There are further surprises to discover in the vault: copies of series like Smash!, which for many UK readers was their first introduction to American superheroes like Batman to British audiences via luridly reformatted reprints, or Film Fun and Look-In, two anthologies of comic strips featuring actors and celebrities of the era; sadly unlikely to ever be reprinted due to complicated rights issues — the material is co-owned by Rebellion and whoever controls the celebrities or movie and TV properties the strips feature — such comics are nonetheless fascinating barometers of what was popular in the UK at the time, and glimpses into cultures often forgotten by more considered, revisionist records of what people were watching and listening to at the time.

And then there’s the 2000 AD archive, which somehow manages not to be overshadowed by decades of history surrounding it. It’s not simply that it’s a complete collection of one of the most important comics in the English language; there’s also a complete collection of the film transparencies for each and every issue, showing the behind-the-scenes details in how they were printed, as well as a host of original artwork purchased by Rebellion to act as a comprehensive record of both the major characters and major creators featured through the title’s 46-year run so far. As a lifelong 2000 AD fan, I must admit no small excitement in getting to see original painted artwork by Alan Davis, or a late 1970s Judge Dredd strip by Mick McMahon, the first artist whose Dredd ever saw print.

As undoubtedly impressive as the archive was — and will continue to be, with Rebellion actively working to grow the collection through purchasing other collectors’ back issues to fill the gaps, including material published by other companies as examples of contemporaneous work for context — what might have been most exciting about the archive is what Rebellion hopes to do with it in the coming years. While the work is currently still being catalogued by the diligent Tom Duckham, the ultimate ambition is to share it with the world through three primary methods:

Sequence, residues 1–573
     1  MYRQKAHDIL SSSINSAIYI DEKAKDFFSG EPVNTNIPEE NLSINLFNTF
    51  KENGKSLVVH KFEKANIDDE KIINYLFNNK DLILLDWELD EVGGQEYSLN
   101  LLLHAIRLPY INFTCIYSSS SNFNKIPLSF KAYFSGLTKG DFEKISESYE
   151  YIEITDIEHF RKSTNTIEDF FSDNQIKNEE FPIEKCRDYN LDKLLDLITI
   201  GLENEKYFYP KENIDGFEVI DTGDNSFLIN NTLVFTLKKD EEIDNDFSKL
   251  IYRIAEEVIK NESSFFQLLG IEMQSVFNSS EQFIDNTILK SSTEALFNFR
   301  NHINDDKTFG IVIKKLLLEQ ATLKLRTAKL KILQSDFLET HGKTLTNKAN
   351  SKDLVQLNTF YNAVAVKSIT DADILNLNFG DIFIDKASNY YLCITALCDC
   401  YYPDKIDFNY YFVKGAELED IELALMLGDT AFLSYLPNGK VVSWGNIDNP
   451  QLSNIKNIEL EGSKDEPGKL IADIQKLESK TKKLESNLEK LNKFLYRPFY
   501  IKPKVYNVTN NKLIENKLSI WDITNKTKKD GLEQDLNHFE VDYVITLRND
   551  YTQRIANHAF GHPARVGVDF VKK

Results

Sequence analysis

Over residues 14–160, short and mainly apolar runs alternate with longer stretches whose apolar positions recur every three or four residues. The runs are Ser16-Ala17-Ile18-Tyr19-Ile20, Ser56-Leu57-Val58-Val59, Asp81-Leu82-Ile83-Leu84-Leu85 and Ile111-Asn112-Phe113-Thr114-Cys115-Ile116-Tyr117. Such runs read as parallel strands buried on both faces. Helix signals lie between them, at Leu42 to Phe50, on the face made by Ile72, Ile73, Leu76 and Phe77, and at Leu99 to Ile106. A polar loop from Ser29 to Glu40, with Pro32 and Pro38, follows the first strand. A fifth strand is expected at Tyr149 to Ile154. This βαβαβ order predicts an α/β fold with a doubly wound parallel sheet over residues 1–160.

• Reprints, courtesy of the ongoing Treasury of British Comics publication program; running for a number of years already, the Treasury releases collections of archive material themed by creators, as well as publications
  • Access provided to educational establishments, with the physical archive being available for access by academics, researchers, or students in the UK by request
  • Exhibits and physical display of artwork and other ephemera contained in the archive, including Rebellion’s participation in the recent Comics Forum exhibit as part of Thought Bubble 2023

The intent, I was told, was not to make the archive a hidden, private collection of material owned and controlled by Rebellion to maintain it as a piece of collective cultural history available to the UK in multiple forms. It’s a bold aim, true, but one that feels thrilling to consider the impact of in years to come. Just imagine what having access to all of this history could inspire in the future.

Marking on library copies at the Rebellion Vault
Image credit: Popverse